All relationships take work. This includes community. Community takes work. Occasionally there may be disagreements in any relationship.
The first step when there is a disagreement is for the people involved to talk to each other, and, while following Counterpoint's one rule of being excellent to each other, work out the problem(s) together. This tends to clear up almost all disagreements.
If the disagreement can't be worked out together, all persons involved with the disagreement are encouraged to get together with a mediator.
Mediators are people who have volunteered their time to help people who have disagreements, to de-escalate conflict, to seek resolution, and to provide community support and protection for all involved. The ideal mediators should strive to make themselves readily accessible to both conflicting parties, and should also enjoy interacting with others without the need for imposing their own wills over those of the other people involved in the particular conflict.
The role of the mediator is to calmly talk with those involved to help clear up the disagreements they have with one another. If those involved agree, the mediator can help schedule an informal get-together with the parties involved (or act as go-between, if that is more appropriate). It is the mediators role to ensure that all involved feel safe, feel heard, and are able to say their piece. No one should feel attacked during the mediation get-together. More details on this are given below.
The following people have at some time or another volunteered to help mediate conflicts and provide a sounding board and guidance for people who are experiencing troublesome interpersonal interactions.
Feel free to contact any of the above people if you would like help in mediating any problems. Also, feel free to ask others to mediate for you, as the above volunteers are not an exclusive list.
Counterpoint operates by anarchic chaos, by do-ocracy, and, like all organizations, through a healthy serving of precedent. There are no rules for how this process should work, but we have some suggestions.
Mediators can actively mediate a discussion between the individuals having conflict, or talk to one individual as a proxy for the other.
Mindfulness towards Escalation
If it seems appropriate, after talking with the original parties, the mediator (and indeed everyone involved) should start to tactfully ask around and find out if this is an isolated conflict or a more generalized problem in the community. Most personal problems at Counterpoint can be resolved through a series of calm one-on-one talks, and almost all of the rest can be solved by a series of mediated discussions. If mediation is unsuccessful, or if what is going on appears to be part of a larger pattern, the mediator may suggest calling a meeting of the Safe Space Working Group for discussion.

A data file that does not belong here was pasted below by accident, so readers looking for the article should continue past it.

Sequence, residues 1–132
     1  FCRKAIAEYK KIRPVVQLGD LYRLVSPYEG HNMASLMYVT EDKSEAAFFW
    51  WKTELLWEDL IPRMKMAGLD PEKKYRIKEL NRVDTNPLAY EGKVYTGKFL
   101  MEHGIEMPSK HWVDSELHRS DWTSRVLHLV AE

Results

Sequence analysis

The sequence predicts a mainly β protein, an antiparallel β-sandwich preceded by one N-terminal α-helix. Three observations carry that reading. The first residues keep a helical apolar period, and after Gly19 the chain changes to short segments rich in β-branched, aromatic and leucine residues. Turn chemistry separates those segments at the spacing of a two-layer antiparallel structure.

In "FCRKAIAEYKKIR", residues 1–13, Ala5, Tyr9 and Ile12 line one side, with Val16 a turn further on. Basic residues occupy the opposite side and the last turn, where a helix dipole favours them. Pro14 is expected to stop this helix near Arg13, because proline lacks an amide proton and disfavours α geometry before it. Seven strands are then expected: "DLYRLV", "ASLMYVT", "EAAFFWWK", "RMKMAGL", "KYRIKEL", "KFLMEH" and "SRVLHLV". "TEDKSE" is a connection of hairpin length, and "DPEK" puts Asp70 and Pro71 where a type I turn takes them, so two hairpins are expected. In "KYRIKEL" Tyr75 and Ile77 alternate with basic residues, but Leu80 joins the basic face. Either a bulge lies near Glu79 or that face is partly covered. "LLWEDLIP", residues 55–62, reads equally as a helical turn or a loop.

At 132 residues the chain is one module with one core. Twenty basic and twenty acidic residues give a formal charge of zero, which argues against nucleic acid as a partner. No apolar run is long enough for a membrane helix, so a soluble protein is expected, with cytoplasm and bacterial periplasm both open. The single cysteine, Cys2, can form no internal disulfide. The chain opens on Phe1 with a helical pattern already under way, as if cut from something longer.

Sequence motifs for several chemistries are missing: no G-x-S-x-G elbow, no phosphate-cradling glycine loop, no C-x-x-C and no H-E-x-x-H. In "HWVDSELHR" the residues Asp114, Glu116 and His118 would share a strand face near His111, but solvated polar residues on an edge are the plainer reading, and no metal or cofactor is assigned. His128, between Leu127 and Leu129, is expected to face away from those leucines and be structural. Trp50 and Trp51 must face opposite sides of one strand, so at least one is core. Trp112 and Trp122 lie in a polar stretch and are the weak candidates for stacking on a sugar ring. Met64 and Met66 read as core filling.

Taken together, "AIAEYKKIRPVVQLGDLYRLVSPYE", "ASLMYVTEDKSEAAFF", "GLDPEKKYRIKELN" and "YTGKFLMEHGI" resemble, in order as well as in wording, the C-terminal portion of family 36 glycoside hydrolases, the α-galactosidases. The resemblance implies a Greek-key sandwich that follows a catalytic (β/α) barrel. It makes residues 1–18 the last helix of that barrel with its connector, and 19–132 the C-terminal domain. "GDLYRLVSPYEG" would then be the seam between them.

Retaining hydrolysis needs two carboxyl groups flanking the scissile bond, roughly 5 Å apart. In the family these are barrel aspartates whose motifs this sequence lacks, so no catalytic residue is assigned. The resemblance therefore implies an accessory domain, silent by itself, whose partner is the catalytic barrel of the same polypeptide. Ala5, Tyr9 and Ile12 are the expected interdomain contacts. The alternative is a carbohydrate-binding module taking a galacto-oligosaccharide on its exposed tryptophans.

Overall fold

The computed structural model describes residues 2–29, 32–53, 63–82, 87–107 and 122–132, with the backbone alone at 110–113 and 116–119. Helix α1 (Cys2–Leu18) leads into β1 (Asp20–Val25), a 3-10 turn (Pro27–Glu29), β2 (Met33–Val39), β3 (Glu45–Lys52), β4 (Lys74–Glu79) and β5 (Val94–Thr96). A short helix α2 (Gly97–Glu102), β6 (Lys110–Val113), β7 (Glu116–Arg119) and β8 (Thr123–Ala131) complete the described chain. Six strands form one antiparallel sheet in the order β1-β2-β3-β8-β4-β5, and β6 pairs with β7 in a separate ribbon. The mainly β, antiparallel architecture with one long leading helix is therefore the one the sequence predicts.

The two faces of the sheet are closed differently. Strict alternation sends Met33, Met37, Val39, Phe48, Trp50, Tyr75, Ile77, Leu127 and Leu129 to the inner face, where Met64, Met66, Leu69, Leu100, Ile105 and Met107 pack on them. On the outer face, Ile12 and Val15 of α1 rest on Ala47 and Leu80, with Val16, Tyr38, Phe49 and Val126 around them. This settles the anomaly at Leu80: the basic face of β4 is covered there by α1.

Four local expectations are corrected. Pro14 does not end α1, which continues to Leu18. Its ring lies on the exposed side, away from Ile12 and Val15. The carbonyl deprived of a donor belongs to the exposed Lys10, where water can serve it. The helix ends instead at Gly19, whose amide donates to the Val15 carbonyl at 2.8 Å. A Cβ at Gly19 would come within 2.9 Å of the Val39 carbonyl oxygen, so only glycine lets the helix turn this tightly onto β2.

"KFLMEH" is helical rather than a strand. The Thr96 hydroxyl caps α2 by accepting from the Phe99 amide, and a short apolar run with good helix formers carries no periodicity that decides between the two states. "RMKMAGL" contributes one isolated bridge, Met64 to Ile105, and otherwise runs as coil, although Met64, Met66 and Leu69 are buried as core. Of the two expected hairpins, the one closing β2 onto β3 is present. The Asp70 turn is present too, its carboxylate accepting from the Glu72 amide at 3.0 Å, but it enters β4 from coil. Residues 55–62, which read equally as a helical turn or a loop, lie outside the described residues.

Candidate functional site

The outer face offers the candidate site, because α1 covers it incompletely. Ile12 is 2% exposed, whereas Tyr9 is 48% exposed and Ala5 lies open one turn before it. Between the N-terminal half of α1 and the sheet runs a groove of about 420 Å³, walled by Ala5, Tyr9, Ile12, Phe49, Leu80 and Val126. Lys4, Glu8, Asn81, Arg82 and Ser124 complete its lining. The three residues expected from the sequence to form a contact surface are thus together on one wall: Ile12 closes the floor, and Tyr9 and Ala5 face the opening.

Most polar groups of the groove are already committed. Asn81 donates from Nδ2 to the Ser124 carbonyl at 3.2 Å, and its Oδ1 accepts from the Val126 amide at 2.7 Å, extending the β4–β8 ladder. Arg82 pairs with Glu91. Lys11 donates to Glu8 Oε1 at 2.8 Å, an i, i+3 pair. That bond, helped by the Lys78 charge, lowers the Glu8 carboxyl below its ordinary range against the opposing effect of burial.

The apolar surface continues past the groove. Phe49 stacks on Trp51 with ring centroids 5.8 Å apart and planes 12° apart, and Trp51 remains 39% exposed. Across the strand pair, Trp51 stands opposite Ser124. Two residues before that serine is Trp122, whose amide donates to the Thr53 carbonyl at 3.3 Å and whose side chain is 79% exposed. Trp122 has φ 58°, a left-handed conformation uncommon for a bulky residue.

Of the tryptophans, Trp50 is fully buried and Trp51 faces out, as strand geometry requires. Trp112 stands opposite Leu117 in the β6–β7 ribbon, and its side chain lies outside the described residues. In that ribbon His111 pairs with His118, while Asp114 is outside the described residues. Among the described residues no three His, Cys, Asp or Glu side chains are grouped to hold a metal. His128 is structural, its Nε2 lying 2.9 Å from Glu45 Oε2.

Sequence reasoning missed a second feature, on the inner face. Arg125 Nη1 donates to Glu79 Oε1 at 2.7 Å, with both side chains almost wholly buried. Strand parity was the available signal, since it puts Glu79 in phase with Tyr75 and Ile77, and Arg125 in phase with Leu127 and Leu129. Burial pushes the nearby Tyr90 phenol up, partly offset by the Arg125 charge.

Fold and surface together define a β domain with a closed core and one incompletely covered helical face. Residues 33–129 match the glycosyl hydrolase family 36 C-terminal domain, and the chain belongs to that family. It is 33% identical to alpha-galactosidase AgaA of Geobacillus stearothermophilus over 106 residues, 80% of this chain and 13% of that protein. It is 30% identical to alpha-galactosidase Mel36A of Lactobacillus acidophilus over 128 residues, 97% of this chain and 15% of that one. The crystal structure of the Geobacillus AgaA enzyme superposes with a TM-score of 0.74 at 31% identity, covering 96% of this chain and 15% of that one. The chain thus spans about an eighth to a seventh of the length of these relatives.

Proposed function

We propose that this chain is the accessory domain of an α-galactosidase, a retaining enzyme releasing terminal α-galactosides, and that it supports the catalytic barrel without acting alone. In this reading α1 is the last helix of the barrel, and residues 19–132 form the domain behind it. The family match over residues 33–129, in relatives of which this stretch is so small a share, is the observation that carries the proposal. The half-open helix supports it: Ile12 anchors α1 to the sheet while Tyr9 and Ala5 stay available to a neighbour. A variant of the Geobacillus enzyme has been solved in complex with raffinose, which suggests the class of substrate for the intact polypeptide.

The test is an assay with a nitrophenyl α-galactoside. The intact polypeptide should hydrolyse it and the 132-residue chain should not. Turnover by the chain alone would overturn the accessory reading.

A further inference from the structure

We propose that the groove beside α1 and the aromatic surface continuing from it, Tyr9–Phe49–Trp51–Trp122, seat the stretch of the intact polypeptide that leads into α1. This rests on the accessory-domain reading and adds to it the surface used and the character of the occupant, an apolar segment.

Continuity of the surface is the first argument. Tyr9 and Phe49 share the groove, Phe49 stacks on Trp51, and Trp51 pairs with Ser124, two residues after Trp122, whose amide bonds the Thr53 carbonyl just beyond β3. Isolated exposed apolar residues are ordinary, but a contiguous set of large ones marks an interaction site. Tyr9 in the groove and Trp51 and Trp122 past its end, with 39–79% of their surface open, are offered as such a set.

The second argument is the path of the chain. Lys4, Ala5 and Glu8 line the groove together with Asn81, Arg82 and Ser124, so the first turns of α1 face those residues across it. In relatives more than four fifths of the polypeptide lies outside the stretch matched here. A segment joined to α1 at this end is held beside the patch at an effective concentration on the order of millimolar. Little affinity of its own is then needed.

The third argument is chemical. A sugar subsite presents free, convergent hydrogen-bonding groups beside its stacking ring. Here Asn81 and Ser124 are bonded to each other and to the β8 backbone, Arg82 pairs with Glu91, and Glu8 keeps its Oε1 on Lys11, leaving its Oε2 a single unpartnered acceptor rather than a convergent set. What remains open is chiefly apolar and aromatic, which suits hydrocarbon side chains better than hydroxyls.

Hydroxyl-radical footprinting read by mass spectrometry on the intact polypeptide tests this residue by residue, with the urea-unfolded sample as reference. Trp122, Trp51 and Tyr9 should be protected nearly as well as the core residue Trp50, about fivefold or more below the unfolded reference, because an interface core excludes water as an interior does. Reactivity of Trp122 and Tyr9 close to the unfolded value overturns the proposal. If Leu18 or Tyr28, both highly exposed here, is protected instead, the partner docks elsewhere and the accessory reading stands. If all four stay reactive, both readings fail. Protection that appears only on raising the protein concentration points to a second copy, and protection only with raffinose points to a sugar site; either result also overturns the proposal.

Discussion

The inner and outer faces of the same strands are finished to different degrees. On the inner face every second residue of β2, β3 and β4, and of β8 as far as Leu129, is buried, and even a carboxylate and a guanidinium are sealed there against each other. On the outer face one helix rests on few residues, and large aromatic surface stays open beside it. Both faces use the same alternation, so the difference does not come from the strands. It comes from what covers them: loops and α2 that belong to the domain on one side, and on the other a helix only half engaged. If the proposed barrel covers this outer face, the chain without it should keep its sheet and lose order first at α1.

Before a problem with an individual is brought to a Safe Space Working Group, someone must step forward to act as an advocate for the individual, even if that individual happens to be widely disliked. It is all too easy for conflict to prod people into acting in ways that they later regret. There are sufficient people around the Space who are willing to act as advocates (see above list of mediator volunteers on this wiki page).
Discussing personal conflicts at the larger group level is not really considered all that excellent. On the other hand, a small supportive group environment more specifically committed to calm discussion and de-escalation can help defuse a problematic situation. Mediation and the Safe Space Working Group are resources available for use when needed.
If you try to follow these suggestions, that would be totally excellent.
Specific Process for Mediators
First, talk to the person(s) who asked you to mediate to find out more about the conflict.
Next step is to either calmly discuss the issue with the second party as a proxy or to enter a calm, mediated discussion between the two individuals in conflict.
Mediated discussion between individuals can be casual or very structured, depending on the tenor of the disagreement. One method that works in extreme cases is to sit down with both parties but ask them to only speak to you, not to each other, during the first part of the mediation. This helps each party to feel like their version of events is being heard. After you feel like you have both sides of the story, the conflicting parties should spend some time mirroring each other's feelings - in a structured way, taking turns restating the other person's concerns or position in their own words. Only after this point should the conflicting parties move towards actual dialogue.
At this point, also, it is important that mediators take some time outside of this process to tactfully ask around and find out if this is an isolated conflict or a more generalized problem in the community.
If this mediation is not successful, not embraced by one of the conflicting parties, or is partially successful but the mediator's research indicates that this may be part of a pattern of behavior, the mediator is encouraged to ensure there is an advocate for everyone involved, and to call for a Safe Space Working Group to discuss the issues.